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A landmark case before a Russian court will determine whether a law that the U.S. has used to fight organized crime is applicable within Russia’s borders. If the Russian court approves, it would be the first time any other country in the world applied the US statute in its own territory.
Many recognize the US law’s power in fighting crime, and it has been used by the US against foreigners who would not face such tough measures at home.
Designed to bring down the American mob, the RICO—Racketeer Influenced and Corrupt Organizations—Act allows prosecutors a lot of leeway in establishing patterns of illegal acts in racketeering cases. They must establish only two crimes in 10 years to legally identify a pattern of racketeering under the law. RICO provides for civil action to seize criminals’ assets – from houses to cash to cars to boats and cash – as well as triple damages to any victims of the criminal enterprise.
Prosecutors in the US have branched out into areas of RICO that few in the crush-the-mob heyday of the 1980s could have imagined – prosecuting foreign gangsters in the US under RICO.
Using RICO to prosecute non-Americans is not new. In 1988 for example, a federal grand jury in Florida indicted Panamanian leader General Manuel Noriega on 12 counts of participating in an international conspiracy to import cocaine into the United States. He was arrested and seized in Panama two years after the US invaded the country in 1990 and he was found guilty of eight counts of drug trafficking and racketeering. It was the first time in US history that a leader of a foreign country was seized and stood trial on such charges. Various Colombian and Mexican nationals have also faced RICO indictments related to drug trafficking.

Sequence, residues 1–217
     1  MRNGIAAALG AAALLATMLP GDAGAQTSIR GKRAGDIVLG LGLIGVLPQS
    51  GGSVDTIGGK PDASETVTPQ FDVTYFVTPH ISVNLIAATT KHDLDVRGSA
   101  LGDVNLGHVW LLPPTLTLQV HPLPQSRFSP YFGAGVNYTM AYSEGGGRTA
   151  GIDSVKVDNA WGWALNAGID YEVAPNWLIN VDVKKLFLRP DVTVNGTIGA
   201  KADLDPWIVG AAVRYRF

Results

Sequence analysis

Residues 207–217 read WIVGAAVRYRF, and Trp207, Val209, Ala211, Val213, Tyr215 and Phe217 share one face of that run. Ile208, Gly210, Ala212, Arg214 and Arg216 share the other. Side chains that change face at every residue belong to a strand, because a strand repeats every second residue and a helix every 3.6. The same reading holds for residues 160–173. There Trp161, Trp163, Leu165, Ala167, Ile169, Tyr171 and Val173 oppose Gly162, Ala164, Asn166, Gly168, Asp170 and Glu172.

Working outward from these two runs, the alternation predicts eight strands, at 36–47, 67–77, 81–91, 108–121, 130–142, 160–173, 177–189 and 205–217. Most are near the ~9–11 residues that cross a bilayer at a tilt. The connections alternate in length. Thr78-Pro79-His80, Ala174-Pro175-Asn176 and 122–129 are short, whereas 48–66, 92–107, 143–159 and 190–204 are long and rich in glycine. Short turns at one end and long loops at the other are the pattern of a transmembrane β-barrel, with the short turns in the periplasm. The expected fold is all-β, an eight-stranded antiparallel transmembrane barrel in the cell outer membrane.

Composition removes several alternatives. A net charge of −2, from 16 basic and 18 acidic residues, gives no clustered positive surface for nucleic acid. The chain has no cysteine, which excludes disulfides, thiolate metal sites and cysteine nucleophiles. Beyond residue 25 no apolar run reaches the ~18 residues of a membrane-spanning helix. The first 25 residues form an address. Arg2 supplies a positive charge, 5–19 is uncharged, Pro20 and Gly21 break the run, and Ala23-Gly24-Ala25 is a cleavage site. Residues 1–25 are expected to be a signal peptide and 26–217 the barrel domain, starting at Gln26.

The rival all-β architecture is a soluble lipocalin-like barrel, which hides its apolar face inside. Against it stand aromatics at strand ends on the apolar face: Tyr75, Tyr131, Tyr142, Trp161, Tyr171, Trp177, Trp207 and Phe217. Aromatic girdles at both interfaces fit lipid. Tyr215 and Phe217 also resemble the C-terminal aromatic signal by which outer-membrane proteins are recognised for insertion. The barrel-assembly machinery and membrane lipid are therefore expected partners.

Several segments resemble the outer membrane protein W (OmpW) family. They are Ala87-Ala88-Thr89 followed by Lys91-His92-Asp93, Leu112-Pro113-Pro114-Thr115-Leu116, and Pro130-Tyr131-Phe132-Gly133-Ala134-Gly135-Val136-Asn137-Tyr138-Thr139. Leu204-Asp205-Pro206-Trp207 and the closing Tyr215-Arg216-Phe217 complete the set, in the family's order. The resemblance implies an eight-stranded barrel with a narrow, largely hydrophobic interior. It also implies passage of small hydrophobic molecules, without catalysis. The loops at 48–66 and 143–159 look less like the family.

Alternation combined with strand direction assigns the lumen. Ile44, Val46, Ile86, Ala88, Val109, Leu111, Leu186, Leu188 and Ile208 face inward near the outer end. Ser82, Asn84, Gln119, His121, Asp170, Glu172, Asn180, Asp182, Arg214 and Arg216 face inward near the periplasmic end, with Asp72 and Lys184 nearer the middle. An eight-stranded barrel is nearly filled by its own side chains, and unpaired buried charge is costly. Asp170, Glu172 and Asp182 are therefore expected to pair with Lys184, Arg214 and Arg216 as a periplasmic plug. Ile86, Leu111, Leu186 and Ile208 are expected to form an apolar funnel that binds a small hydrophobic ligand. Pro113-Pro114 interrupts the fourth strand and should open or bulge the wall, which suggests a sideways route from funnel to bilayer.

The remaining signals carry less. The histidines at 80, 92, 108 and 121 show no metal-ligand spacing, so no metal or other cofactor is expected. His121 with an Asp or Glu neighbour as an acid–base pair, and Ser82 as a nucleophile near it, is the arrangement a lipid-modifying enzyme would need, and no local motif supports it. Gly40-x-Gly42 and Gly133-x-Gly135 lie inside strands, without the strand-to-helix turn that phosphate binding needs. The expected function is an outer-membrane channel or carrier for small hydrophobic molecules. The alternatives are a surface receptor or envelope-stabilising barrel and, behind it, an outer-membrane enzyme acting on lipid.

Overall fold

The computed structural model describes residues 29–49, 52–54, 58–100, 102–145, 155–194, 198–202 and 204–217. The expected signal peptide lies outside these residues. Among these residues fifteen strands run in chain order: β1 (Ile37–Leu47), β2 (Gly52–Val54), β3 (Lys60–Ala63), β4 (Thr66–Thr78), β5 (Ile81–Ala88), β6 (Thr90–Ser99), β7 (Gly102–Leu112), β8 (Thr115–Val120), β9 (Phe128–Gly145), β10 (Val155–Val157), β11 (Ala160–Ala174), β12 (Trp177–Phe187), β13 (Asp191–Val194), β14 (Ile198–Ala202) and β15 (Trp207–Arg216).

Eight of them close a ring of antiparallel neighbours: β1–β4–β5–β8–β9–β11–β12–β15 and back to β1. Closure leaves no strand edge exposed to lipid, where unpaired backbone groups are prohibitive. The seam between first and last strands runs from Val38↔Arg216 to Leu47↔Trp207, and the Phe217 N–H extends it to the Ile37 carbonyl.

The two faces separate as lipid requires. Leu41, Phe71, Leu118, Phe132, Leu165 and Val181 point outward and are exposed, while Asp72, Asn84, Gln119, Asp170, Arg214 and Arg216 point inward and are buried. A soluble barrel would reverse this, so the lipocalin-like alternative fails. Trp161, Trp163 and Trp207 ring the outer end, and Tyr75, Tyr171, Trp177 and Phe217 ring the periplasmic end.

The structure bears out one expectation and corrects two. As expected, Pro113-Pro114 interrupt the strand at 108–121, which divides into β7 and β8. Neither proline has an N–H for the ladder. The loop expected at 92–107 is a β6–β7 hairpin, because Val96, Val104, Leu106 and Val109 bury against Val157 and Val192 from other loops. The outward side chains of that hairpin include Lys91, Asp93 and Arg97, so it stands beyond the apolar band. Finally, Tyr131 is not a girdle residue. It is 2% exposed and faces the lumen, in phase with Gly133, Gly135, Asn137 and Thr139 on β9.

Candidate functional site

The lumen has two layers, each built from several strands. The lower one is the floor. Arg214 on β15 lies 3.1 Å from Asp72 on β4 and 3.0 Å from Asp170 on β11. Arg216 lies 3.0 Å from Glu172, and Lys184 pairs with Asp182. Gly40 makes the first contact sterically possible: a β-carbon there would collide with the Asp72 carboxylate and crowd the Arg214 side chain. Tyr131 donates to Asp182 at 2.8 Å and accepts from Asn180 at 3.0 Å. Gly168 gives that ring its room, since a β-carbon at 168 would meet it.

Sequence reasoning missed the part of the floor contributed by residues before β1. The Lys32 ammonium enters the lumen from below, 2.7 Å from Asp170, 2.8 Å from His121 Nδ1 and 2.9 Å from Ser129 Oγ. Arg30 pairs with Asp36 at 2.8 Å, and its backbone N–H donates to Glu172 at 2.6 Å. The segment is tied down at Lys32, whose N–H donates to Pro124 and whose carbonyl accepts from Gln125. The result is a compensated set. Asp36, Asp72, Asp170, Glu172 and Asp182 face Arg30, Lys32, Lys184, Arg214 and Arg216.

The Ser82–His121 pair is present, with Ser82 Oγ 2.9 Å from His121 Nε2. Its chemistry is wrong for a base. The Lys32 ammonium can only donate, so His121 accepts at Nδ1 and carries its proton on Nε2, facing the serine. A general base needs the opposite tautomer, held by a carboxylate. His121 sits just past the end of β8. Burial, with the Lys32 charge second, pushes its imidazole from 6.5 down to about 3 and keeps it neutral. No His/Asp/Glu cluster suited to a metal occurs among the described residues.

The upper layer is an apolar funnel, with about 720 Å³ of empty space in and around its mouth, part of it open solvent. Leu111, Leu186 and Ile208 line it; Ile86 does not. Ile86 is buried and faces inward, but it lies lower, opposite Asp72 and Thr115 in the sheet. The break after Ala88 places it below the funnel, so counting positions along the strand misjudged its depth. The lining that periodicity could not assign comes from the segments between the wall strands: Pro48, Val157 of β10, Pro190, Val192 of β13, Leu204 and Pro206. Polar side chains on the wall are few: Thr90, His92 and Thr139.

The rule for prosecuting RICO cases against non-Americans – established by various court precedents – is that if significant criminal activity occurred in the US, or if the criminal activity outside the US caused significant damage to the US, then the person or entity can be tried in the US under RICO laws.
A federal grand jury in California this year charged just that in a 12-count indictment against alleged Israeli mobster Itzhak Abergil that was unsealed in August. Abergil and six associates, according to the indictment, hired members of a San Fernando Valley gang – the Vineland Boyz – to distribute tens of thousands of Ecstasy pills throughout Los Angeles, provide security and to shoot a local man who allegedly tried to steal a drug shipment.
“The Abergil family was among the most powerful crime families in Israel,” according to the indictment. Prosecutors also say that Abergil headed another group, the Jerusalem Network, which engaged in extortion, loan sharking and money laundering. Abergil was arrested in Israel in August on RICO conspiracy and other charges from the US Attorney’s office in Los Angeles. He is expected to be extradited soon.
Why try Abergil and other foreign drug dealers in the US? The answer is simple in the Abergil case: RICO and other US legal provisions are tougher than any law Israel has to offer. Retired Israeli police commander Yaakov Borovsky, speaking to the Jerusalem Post in July after a botched mob hit left a young mother dead, said police were hamstrung by Israel’s current three-strikes law, which stipulates that a file is not flagged with a suspect’s connection to a crime family until his third offense.
“There needs to be a change in the law,” Borovsky told the Post. “It should go on their file the first time it happens, and after three, I suggest they receive jail time. The next time they’re caught with a crime family, double the jail time, and so on.”
Tel Aviv prosecutor Rachel Siber urged Israel’s parliament in September to stiffen the penalties for organized crime, because currently those convicted face a maximum nine-month sentence.
Besides tough US laws, there are other benefits for trying purported crime bosses in the States, said a University of Utah professor.